Honours Project

At the conclusion of my BSc, I decided not to go into high school teaching like I had originally planned. Instead I decided to undertake further study with the aim of hopefully reaching a PhD and go into university-level teaching. The idea being that such a career would allow me to fulfil my love of teaching without the discipline problems faced at the high school level and also allow me to pursue some astronomical research as well. Also, if I was able to get into teaching only astronomy, that would be even better:- getting paid to talk about my favourite hobby and to indulge in it!!!!!!! Who could ask for more!!!! :-)

The first step in this process was to undertake an extra year of study as an Honours student. This would involve half of the time studying advanced level physics courses and the rest of the time undertaking a basic research project. I was fortunate enough to be offered a project in photometry with the newly installed CCD at the Perth Observatory, and it was this project that installed in me a love for CCD photometry. The only downside was the supervisor.... one of the most obnoxious characters I have had to deal with. I had had several run-ins with him the previous year in my astrophysics course, especially at the end when he robbed me of an "A", supposedly "to keep the grade curve balanced"! As I feared, as the project progressed, he became more obnoxious, using the funds set aside for my use for his own projects, changing the requirements of the project several times, even when I writing up the results. These and other problems, eventually led me to officially complain to the department! As a result, when it came time to grade the project, this person gave me a very poor grade, but the other two reviewers were well aware of the situation and graded the project much more objectively and I achieved a sufficiently high grade to continue on towards a PhD.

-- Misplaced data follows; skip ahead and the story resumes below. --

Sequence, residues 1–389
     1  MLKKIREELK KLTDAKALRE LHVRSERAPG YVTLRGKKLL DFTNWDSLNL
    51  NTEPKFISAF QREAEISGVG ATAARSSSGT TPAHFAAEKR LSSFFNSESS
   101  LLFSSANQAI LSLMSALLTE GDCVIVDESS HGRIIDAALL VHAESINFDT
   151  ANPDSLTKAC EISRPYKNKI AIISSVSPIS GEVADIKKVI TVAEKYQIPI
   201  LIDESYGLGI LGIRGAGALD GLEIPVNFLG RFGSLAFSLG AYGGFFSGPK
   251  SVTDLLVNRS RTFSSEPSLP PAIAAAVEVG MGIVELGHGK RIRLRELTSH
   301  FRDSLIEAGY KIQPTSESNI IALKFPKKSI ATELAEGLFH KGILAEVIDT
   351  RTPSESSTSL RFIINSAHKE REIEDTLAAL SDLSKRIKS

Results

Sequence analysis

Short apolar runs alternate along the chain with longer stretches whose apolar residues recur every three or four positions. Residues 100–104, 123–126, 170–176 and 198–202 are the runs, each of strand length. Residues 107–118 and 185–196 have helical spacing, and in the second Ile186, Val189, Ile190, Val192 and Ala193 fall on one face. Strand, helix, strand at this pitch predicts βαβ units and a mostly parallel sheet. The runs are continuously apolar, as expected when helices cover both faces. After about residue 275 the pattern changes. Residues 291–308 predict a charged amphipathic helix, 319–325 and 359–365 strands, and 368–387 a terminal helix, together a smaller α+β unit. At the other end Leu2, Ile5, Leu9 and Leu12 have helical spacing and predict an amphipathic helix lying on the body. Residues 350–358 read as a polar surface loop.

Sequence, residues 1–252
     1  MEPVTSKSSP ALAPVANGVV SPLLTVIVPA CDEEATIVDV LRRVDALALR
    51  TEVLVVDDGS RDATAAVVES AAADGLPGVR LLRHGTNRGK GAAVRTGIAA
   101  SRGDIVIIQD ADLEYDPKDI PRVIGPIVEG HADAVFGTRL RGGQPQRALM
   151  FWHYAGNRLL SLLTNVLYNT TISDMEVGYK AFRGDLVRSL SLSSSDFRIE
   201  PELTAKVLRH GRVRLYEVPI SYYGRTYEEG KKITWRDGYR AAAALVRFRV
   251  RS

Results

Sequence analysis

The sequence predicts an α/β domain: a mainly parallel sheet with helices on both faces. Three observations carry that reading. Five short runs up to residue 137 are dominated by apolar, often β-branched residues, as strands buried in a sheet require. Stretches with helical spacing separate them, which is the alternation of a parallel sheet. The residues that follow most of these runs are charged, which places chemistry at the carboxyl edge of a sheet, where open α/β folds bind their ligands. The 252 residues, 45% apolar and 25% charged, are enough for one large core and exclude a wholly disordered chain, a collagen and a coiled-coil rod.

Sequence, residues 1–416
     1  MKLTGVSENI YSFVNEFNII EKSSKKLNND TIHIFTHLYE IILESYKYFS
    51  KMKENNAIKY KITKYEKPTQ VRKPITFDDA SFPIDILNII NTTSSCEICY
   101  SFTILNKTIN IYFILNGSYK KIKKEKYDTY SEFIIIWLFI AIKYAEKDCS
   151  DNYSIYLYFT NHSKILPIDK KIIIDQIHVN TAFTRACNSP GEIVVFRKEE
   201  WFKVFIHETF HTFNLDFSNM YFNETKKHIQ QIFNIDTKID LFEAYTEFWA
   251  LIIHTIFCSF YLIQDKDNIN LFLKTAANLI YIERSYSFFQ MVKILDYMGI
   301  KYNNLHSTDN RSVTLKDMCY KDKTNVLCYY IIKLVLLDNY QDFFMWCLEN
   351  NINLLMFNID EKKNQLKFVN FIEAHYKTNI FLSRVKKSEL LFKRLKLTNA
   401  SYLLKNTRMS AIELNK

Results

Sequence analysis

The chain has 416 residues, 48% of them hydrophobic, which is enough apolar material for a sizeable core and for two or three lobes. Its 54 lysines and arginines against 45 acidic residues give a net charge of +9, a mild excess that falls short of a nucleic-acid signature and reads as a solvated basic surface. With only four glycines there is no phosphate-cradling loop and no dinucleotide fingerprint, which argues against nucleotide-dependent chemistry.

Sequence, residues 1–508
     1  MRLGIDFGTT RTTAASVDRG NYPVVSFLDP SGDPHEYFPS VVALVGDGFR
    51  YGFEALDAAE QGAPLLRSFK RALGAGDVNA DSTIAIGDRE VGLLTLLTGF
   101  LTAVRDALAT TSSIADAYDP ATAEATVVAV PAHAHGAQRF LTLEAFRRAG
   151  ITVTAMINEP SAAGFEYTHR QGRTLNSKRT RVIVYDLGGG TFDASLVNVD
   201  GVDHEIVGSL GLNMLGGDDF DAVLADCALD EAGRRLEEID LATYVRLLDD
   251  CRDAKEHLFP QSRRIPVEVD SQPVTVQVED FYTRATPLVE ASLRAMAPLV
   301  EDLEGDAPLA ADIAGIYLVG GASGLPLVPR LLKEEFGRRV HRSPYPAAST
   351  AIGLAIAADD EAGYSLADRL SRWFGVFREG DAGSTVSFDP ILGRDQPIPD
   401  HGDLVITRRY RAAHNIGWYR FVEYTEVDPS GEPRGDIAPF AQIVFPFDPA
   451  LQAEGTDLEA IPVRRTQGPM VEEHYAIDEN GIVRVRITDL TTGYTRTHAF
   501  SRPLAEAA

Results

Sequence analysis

Unfortunately, he had his revenge. The day after I submitted my project in for grading, he removed the computer from my office and deleted all of my data! This was most unfortunate as the only copies of the raw data and images were on that computer! One of my biggest regrets is that I have not been able to go back to the images, and re-analyse them with more modern software!

The links below connect a series of pages that are adapted from the thesis submitted at the end of the project and should serve as a useful introduction to anyone interested in all-sky CCD photometry. If anyone is interested in further reading on the subject, the best resource is still Astronomical Photometry by A. A. Henden and R. H. Kaitchuck.

Overall, I throughly enjoyed the project, despite the problems with the supervisor. A number of interesting problems and potential pitfalls in CCD photometry were identified, and it gave me a much greater appreciation of the work done by photometrists. Although it is most unlikely that photometry will ever lead the observer to a Nobel Prize, accurately measuring the brightness of celestial objects still remains one of the most fundamental and important lines of work for the observer.

One interresting sidelight of preparing this section of the webssite, has been re-reading about the problems I faced doing this work. The technology then as compared to now............. unbelievable! No internet.... no mega-gig flash drives....... DOS-based software.......... How did we ever manage to get anything accomplished??!!??


Chapter 2
CCD Photometry

Chapter 3
Photometry Methods

Chapter 4

Chapter 5

Chapter 6

Chapter 7

Chapter 8